8. click the 'Dev Mode On' bookmark. A frame pops up that proposes to 'compile' your GWT module. Click on it and the frame displays 'Compiling yourModuleName'. You may also follow the GWT code Server activity in the Eclipse console, and ensure you have supplied all needed library dependencies while it re-compiles the GWT java code.

    In case you get 'Compiling myModule Failed' a Refresh of the Browser window may solve the issue whereas the proposed 'Try Again' will not work...

  9. From that point, you can change GWT java sources in Eclipse and then Refresh your browser Window to see immediately the effect of the changes you make.

Debugging GWT code

  1. You may further debug GWT code by setting breakpoints in the Java sources whereas that Java code is compiled and executed as Java Script in your client browser! That's magic! Proceed as follows:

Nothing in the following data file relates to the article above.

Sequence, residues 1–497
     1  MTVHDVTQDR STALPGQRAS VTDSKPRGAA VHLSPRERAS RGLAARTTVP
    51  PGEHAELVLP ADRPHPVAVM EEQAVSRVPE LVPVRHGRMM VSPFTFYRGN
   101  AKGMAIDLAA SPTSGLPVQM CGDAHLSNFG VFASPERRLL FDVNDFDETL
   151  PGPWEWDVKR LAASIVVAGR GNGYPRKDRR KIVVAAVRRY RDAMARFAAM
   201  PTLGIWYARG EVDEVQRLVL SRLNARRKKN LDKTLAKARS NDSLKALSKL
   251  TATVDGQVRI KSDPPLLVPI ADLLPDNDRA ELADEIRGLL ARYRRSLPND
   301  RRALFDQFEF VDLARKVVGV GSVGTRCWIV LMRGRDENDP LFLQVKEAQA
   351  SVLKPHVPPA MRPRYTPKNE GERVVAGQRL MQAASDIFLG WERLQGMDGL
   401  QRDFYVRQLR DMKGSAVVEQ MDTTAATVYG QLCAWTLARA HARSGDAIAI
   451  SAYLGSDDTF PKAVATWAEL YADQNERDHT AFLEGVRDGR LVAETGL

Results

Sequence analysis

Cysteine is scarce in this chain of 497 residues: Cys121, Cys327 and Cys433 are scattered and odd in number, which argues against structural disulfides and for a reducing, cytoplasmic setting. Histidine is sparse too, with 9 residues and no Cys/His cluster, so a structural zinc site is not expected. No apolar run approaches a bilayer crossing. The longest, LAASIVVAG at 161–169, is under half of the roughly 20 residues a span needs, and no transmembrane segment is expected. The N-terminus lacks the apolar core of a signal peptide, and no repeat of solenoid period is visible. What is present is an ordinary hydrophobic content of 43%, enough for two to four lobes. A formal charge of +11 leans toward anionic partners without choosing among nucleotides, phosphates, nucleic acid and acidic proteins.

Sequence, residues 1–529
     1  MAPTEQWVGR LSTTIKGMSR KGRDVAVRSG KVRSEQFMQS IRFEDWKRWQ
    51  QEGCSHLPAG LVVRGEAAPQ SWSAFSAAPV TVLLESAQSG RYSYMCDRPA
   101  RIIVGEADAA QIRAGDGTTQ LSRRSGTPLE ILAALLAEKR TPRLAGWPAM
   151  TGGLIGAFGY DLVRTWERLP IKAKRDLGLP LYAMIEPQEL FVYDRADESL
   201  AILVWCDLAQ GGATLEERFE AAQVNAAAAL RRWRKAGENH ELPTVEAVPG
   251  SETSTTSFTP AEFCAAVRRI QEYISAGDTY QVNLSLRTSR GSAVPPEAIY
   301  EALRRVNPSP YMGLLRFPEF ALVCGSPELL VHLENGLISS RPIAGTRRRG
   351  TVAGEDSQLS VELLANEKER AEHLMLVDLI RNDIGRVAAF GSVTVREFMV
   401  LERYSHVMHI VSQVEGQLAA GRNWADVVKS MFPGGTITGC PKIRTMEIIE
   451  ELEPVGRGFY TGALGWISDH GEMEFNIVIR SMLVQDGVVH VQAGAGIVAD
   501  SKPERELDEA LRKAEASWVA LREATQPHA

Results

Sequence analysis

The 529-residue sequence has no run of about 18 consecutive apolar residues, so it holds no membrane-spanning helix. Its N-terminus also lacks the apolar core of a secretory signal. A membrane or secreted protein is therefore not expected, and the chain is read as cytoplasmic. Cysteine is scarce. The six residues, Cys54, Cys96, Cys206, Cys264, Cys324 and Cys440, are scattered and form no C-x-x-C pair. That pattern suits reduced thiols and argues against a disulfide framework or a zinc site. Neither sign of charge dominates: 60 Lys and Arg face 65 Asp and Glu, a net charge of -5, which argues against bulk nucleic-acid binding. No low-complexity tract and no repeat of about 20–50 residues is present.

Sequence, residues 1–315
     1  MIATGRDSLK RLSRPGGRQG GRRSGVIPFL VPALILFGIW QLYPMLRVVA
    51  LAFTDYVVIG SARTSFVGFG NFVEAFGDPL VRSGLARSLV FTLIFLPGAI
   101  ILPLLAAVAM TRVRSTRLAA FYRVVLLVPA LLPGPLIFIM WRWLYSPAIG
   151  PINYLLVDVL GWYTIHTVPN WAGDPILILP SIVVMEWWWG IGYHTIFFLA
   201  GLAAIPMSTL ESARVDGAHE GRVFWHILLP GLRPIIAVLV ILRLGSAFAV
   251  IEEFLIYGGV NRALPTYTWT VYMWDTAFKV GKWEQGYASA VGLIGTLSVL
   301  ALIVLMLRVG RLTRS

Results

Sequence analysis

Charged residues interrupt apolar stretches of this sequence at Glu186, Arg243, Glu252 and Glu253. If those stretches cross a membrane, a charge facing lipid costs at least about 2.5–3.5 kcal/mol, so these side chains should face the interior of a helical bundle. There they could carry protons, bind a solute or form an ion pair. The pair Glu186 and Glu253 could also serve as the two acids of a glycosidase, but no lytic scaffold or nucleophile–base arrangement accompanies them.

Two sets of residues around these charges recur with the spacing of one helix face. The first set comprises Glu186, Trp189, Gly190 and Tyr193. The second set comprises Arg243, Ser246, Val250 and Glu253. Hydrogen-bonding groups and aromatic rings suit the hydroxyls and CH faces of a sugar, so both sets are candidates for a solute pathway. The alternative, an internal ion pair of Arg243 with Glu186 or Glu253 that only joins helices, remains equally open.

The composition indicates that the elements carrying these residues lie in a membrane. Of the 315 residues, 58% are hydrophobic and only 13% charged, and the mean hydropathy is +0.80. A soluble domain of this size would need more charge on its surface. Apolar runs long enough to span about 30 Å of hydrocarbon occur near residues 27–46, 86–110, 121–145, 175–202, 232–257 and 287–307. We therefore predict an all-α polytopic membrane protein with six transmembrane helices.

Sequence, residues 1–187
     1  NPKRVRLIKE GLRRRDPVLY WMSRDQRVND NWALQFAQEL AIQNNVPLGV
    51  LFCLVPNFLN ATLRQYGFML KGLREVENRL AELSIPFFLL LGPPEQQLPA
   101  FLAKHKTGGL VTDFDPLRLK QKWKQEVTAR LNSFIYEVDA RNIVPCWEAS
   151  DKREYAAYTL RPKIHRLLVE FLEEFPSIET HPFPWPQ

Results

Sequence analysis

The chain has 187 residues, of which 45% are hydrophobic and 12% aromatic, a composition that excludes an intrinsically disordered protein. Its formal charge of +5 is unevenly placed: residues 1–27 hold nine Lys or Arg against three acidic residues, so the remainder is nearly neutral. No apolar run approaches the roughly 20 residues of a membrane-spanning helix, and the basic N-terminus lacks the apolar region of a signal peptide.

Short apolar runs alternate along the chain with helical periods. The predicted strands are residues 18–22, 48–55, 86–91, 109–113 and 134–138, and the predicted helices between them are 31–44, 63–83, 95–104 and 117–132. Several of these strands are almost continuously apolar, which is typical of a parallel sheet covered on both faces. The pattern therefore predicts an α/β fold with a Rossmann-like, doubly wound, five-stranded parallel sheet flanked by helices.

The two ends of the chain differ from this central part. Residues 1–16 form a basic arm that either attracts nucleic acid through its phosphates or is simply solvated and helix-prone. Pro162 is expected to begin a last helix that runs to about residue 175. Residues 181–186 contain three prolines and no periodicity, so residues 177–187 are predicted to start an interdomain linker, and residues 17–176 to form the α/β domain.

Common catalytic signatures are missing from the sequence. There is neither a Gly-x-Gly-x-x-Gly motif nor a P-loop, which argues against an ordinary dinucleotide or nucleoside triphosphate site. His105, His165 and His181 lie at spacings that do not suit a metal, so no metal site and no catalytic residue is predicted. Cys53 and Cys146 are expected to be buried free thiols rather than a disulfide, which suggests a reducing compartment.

• while in Chrome, activate Developer Tools : press ctrl-shift-i or click on the settings icon > More tools > Developer tools
    • ensure that you have 'JavaScripts source maps' enabled: click the tools settings icon > Settings > ...
    • You can then navigate to GWT java sources in the left hand navigation tree (bottom of the tree), else hit ctrl-p to quickly open a source file you know (e.g. that currently edited in Eclipse), and set breakpoints in Chrome Developer Tools central panel; the debugger will execute and stop at the breakpoint when you refresh the web page, and let you inspect JavaScript variables mapped to the original java code. Do note that breakpoints are only set from Chrome Developer Tools and forget about Eclipse own breakpoints.